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Proof of Perpendicularity


Date: 10/23/1999 at 08:18:50
From: Michael
Subject: Logic

Dear Dr. Math,

Could you please help me with the following question?

Prove that two lines (neither vertical) are perpendicular if and only 
if the product of the gradients is equal to -1.

Your assistance is greatly appreciated.

Thanking you in advance,
Michael


Date: 10/25/1999 at 02:49:49
From: Doctor Floor
Subject: Re: Logic

Hi Michael,

Thanks for your question.

Consider two perpendicular lines, which (to make things easy) pass 
through (0,0).

One of the lines is increasing. We can find the gradient of that 
triangle by attaching a right triangle to the line, and divide the 
vertical length (say A) by the horizontal length (say B), so the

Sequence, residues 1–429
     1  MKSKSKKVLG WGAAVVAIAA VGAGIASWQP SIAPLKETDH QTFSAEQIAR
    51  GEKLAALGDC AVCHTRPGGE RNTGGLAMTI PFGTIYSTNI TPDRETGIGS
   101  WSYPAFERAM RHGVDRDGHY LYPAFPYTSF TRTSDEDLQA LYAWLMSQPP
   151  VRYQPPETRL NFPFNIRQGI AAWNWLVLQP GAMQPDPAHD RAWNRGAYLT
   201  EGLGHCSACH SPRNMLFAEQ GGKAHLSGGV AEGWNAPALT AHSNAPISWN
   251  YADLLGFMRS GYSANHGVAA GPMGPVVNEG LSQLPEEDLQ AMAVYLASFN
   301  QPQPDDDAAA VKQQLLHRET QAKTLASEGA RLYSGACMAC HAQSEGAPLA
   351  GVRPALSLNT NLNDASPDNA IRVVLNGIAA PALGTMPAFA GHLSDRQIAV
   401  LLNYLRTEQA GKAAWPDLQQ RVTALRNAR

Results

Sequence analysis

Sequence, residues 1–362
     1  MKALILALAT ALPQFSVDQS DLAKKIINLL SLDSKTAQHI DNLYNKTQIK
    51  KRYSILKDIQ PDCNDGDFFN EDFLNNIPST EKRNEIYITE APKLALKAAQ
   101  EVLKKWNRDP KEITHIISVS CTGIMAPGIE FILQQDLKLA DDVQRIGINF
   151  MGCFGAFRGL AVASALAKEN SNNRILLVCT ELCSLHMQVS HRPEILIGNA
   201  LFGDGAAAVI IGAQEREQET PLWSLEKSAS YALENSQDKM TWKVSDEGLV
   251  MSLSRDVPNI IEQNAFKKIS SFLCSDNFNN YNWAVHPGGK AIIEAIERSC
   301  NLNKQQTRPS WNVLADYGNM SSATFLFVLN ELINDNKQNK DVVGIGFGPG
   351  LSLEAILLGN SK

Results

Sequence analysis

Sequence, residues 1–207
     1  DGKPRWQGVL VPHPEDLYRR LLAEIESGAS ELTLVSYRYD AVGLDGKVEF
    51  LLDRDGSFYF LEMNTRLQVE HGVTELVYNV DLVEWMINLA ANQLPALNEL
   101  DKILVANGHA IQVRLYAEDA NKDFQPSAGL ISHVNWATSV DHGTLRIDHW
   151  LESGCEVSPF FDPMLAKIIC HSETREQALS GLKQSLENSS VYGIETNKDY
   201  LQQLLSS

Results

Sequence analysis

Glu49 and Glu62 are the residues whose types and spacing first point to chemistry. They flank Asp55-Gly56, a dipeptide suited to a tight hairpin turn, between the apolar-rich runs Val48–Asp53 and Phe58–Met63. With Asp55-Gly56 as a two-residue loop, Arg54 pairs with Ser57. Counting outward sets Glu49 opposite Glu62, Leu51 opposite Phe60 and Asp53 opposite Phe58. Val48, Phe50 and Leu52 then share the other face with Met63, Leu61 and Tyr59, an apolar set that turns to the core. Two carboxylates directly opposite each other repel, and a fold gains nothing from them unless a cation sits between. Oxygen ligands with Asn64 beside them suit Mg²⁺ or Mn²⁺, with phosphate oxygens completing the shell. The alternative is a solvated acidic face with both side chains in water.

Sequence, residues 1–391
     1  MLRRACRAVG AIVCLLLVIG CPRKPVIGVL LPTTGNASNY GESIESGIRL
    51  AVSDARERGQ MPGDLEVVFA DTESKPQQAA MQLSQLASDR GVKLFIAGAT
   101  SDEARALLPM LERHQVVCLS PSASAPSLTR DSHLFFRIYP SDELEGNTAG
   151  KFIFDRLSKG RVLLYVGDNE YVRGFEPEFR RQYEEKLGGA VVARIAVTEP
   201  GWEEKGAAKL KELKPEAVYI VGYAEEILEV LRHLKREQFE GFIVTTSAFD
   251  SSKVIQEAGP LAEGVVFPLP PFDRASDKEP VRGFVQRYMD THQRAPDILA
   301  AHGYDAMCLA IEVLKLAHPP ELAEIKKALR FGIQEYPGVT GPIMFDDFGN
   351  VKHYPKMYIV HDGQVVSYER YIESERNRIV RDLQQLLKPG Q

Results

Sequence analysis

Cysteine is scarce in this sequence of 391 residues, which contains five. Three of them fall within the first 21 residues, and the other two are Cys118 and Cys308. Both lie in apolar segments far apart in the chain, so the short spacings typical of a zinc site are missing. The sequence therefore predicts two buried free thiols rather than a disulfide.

gradient is A/B.

Here is a picture:

   

The line perpendicular to the increasing line can be found by rotating 
this line by 90 degrees clockwise around (0,0). We can rotate the 
attached triangle together with the line. We find (see picture) that 
the gradient now is -B/A.

And we can conclude that the product of the gradients is

     -B/A * A/B = -1

as desired. 

If you need more help, just write back.

Best regards,
- Doctor Floor, The Math Forum
  http://mathforum.org/dr.math/   
    
Associated Topics:
High School Coordinate Plane Geometry
High School Equations, Graphs, Translations
High School Euclidean/Plane Geometry
High School Geometry

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